Fungi in several genera produce toxins that vary in toxicity to humans and animals. The most prominent fungal toxins are those that are used as antibiotics in human and veterinary medicine, and their effect on pathogenic microbes is well known. The lesser known fungal toxins include those produced by Penicillium species (citreoviridin, penicillic acid, gliotoxin, patulin), Aspergillus species (aflatoxin, citrinin, gliotoxin, helvolic acid, ochratoxin, patulin), Trichoderma species (gliotoxin), Stemphilium (radicinin), Gibberella and Fusarium (zearalanone). Some toxigenic fungi (A. fumigatusA. flavusA. parasiticus) grow on stored vegetation and compost contributing to their decay while releasing toxin. Since both mesophilic and thermophilic fungi grow on these substrates their spores would be exposed to fungal toxins and spore germination could be affected. A few studies have been done on the effects of fungal toxins on the germination of spores from mesophilic fungi (Brian and Hemming, 1945; Reiss, 1973; Deshmukh and Agrawal, 1984), and only one report (Thakre and Johri, 1973) was found dealing with the effects of fungal toxins on the germination of spores from thermophilic fungi. Furthermore, several studies have been done concerning the effects of fungal toxins on the germination of tracheophyte spores, pollen, and seeds (Reynolds et al., 1978; Jones et al., 1980; Dashek et al., 1981a; Dashek et al., 1981b; Dashek et al., 1982; Llewellyn et al., 1982; Llewellyn et al., 1985) to determine the effects of toxins on the germination of these structures or to use their germination in toxin solutions as a bioassay for toxin.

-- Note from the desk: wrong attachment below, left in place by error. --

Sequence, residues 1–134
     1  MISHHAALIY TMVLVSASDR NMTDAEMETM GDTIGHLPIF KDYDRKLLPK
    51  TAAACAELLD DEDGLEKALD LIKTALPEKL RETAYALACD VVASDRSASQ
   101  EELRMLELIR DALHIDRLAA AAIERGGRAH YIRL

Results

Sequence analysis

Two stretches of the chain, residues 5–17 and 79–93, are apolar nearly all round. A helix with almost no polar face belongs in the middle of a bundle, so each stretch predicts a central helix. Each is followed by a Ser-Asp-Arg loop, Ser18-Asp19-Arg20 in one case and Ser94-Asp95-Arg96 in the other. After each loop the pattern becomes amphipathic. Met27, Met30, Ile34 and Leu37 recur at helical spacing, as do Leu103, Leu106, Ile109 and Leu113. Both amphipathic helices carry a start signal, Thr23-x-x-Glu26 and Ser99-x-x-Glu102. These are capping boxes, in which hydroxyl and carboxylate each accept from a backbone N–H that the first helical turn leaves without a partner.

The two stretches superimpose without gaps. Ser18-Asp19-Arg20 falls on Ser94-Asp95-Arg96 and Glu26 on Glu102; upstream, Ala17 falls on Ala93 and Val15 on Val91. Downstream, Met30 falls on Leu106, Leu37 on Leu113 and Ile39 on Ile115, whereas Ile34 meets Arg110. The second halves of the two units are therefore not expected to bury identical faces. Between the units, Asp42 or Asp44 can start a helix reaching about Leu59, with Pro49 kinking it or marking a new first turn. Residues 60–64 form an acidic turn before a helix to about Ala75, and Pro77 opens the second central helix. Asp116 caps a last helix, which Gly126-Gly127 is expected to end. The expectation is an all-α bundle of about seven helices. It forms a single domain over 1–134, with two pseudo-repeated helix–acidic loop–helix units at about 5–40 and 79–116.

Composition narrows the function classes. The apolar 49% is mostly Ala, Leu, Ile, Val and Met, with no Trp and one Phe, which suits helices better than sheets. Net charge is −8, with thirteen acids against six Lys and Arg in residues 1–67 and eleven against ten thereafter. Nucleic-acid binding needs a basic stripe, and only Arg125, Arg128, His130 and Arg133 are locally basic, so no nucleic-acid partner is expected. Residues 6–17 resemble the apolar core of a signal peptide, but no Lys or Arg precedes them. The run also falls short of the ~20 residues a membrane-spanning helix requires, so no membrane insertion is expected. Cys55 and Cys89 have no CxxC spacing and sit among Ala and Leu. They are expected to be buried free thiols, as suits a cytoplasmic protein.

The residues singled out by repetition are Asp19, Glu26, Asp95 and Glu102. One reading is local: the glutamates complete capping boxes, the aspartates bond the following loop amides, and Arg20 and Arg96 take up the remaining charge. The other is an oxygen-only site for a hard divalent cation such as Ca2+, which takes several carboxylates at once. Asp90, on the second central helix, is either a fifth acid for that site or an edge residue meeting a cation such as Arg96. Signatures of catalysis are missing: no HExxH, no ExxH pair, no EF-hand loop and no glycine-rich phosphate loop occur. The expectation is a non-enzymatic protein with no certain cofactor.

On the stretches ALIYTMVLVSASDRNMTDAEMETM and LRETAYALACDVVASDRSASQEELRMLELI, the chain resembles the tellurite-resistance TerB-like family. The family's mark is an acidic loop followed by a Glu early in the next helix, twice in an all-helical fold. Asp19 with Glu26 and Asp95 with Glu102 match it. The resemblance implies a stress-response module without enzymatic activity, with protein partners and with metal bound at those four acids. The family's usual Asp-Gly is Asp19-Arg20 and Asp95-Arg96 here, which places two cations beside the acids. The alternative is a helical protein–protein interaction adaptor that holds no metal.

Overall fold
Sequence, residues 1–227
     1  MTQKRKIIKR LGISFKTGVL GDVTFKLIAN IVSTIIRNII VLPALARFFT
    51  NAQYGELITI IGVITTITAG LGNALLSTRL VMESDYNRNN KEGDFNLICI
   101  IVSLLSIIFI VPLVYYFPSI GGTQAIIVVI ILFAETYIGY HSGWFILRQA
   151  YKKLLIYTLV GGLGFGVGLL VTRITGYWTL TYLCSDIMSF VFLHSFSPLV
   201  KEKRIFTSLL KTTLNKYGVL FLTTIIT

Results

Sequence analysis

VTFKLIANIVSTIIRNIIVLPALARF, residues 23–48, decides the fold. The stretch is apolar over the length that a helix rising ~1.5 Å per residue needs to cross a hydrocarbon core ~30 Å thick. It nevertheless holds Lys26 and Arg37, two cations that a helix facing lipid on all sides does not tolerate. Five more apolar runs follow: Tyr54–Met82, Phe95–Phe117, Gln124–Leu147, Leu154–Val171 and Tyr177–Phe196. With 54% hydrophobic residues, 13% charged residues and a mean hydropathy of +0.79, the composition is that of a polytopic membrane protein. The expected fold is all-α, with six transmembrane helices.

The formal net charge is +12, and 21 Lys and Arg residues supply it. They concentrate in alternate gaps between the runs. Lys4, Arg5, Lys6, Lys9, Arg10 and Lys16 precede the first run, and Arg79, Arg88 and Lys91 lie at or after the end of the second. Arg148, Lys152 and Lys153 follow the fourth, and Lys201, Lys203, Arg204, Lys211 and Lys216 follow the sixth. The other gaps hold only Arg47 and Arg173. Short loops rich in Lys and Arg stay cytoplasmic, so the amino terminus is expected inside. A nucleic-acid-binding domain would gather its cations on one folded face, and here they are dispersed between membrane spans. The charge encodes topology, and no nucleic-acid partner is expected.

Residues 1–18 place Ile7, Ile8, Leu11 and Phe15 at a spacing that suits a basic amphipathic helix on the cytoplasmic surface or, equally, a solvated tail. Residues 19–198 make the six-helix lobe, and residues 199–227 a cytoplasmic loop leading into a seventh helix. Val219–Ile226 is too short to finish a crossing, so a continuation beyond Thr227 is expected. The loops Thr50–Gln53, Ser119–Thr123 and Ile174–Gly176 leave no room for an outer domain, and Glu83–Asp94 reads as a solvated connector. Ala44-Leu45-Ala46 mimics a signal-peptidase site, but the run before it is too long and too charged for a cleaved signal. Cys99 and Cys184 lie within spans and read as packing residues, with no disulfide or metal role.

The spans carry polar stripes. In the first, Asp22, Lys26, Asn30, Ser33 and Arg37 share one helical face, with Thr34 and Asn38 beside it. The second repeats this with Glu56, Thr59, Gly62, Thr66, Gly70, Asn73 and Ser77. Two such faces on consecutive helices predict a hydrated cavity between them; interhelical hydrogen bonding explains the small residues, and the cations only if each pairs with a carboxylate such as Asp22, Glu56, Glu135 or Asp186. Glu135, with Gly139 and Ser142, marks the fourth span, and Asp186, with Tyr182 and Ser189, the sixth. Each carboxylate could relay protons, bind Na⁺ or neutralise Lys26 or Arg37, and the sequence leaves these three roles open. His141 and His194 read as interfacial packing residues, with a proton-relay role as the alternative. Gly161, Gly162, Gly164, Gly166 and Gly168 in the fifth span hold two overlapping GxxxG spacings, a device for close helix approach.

Weitere Kapitel dieses Buchs durch Wischen aufrufen
- The Effect of Fungal Toxins on the Germination of Mitospores from Thermophilic Fungi
James J. Deploey
Charles E. O’Rear
Gerald C. Llewellyn
- Springer US
Systemische Notwendigkeit zur Weiterentwicklung von Hybridnetzen